However, last winter’s mild conditions and limited frost development posed the question of how the crop would be removed successfully, without the use of chemical control.
In the end, the winter deluge together with a few late frosts killed off the crop, meaning over-spraying was not required.
If no frosts are forecast, Mr Atkinson suggests an application of the herbicide Astrokerb (aminopyralid + propyzamide) in November to December could be used to destroy the crop.
“If companion crops have not been dealt with by late February to early March then a product such as Galera (clopyralid + picloram) could be used in early spring,” he says.
However, he warns there are tight timings for uses of this product as it must be applied before the green bud stage of oilseed rape.
There is a suggestion that leaving longer stubble or a carpet of chopped straw residue on the surface may help combat cabbage stem flea beetle, although Niall Atkinson adds that this needs further investigation.
One possibility is that the the stubble means there is no bare soil, which could be attracting the flea beetle, which can differenciate between green and brown. Possibly it helps with moisture conservation, or maybe it is a combination of factors.
The trial looked at establishing with a HE-VA into a carpet of chopped residue while the Weaving GD direct drill works better in the long straw stubble. “We literally snipped the heads off leaving a very long stubble, not unlike using a stripper header,” says Mr Atkinson
Case Study: Companion cropping on the Hertfordshire/Essex border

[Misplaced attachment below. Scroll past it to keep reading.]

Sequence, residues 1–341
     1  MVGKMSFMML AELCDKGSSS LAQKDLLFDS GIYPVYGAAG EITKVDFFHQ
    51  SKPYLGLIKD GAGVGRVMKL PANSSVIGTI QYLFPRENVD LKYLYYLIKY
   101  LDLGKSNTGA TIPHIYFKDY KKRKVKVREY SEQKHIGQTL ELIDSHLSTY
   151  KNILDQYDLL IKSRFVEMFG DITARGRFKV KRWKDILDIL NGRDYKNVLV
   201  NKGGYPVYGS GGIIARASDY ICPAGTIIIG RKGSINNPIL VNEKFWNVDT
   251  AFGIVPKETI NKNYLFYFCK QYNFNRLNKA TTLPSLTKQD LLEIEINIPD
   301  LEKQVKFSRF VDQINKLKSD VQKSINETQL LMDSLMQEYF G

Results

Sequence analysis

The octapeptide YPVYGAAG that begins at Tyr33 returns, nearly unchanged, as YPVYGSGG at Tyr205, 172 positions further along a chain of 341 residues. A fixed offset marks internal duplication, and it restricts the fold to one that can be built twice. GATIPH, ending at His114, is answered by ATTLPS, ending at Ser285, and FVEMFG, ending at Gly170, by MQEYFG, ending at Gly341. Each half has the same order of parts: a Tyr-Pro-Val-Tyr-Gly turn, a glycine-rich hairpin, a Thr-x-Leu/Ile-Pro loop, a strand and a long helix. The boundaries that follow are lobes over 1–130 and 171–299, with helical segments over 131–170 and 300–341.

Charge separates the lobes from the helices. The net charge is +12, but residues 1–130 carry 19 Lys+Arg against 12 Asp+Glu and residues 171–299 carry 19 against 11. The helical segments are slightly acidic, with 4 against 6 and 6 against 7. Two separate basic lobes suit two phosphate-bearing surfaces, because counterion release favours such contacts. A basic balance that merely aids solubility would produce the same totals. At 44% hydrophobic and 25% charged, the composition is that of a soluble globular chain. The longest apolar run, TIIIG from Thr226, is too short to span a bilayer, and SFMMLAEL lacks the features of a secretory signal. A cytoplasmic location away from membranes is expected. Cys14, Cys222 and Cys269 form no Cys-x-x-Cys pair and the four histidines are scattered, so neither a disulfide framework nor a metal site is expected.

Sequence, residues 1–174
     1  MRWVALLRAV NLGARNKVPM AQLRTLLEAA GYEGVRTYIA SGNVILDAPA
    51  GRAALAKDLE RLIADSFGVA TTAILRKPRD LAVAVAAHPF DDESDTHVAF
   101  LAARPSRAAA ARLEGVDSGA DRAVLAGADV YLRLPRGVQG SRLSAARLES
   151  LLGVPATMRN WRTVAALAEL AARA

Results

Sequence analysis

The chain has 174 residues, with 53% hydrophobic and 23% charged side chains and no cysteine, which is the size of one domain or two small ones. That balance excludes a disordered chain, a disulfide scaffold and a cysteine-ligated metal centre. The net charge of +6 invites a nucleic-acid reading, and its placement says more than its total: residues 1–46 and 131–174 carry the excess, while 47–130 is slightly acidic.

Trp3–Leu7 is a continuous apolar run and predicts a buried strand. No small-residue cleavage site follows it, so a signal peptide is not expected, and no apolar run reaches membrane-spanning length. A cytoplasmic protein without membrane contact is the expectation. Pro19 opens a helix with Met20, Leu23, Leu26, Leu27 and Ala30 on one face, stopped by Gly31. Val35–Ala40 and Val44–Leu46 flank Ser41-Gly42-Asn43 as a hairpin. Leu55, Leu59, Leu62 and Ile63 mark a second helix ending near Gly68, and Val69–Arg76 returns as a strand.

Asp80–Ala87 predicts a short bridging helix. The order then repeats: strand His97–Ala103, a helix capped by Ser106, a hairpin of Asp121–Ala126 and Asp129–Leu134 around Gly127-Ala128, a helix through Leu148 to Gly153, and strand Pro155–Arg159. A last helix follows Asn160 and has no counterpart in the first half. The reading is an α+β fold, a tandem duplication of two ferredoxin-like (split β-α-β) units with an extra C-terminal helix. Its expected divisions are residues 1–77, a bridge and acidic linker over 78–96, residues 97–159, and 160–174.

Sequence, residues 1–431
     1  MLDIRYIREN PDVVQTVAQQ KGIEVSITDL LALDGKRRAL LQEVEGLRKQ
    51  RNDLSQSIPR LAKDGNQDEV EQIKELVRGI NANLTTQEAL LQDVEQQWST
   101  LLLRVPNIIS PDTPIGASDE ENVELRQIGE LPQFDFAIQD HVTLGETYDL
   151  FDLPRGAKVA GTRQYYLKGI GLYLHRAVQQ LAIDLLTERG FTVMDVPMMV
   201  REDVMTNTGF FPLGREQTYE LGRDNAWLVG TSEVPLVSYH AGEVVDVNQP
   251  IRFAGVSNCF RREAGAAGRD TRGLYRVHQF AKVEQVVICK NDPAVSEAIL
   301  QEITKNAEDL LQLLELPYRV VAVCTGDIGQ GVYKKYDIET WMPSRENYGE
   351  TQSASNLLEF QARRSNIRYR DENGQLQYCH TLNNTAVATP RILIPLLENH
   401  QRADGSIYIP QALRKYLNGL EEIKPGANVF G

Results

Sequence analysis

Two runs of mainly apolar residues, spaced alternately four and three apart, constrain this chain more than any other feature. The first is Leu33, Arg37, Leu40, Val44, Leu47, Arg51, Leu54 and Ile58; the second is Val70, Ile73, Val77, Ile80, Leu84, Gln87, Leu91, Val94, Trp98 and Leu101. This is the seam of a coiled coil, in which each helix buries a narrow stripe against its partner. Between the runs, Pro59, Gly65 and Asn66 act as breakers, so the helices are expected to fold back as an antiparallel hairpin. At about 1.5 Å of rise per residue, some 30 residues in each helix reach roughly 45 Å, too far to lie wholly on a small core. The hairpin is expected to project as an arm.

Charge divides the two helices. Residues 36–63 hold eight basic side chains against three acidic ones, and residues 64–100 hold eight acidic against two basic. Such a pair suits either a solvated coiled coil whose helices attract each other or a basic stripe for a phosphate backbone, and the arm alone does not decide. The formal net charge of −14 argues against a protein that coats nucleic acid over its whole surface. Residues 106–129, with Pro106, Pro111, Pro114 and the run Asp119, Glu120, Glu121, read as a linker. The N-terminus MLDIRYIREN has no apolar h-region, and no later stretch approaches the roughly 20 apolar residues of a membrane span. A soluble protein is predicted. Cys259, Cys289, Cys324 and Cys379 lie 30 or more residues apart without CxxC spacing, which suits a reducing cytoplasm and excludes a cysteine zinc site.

Fourth generation farmer Peter Hitchcock is trialling a companion crop of buckwheat on 10ha of his oilseed rape crop this year, at Stocking Pelham Hall Farm on the Hertfordshire/Essex border.
The farm, which grows 830ha of combinable crops has been hit hard by flea beetle infestations since the loss of neonicotinoid seed dressing treatments in 2018, with just 55ha of the crop now planted, down from 200ha previously.
A range of techniques have been implemented on the farm to help combat the pest attacks, including early drilling, leaving cereal stubble as long as possible, using hybrid varieties for vigour and quick establishment and a full dose of nitrogen in the autumn.
“By leaving residue and direct drilling we hope to make it more difficult for flea beetle to find the oilseed rape, as the beetles can distinguish between green and brown colours,” explains Mr Hitchcock.
He now hopes companion cropping will help enhance successful crop production on his farm, where oilseed rape yields are currently averaging 3t/ha, but previously yielded 4t/ha, on his heavy hanslope clay soils.
The companion crop mix was planted on 4 August last year, direct drilled with a Sumo DD drill with a seed rate of 9kg/ha for the buckwheat and 2.7kg/ha for the rapeseed.
Mr Hitchcock is impressed with how the buckwheat has performed so far, and says he regrets not planting more, as the companion cropped area is now a foot taller and in fuller flower than the main crop.
“It really has taken us by surprise. All winter we were looking at the buckwheat and were worried that it was not going to perform as we hoped, but now, you can clearly see a definitive line between the trial and our main crop,” he adds.
Mr Hitchcock believes the buckwheat acts as a distraction to the flea beetle by disguising the rapeseed. The plant also acts as a great scavenger of phosphate, making it more readily available in the oilseed rape’s rooting zone.
Next year, he aims to grow 85ha of oilseed rape and if the buckwheat performs well, which he expects it will, companion cropping will be rolled-out across the farm, leaving just a small patch of oilseed rape without a companion crop as a control.
“We are also considering adding berseem clover to the mix next year, to promote our soil health further with the help of the clover’s strong rooting potential,” he concludes.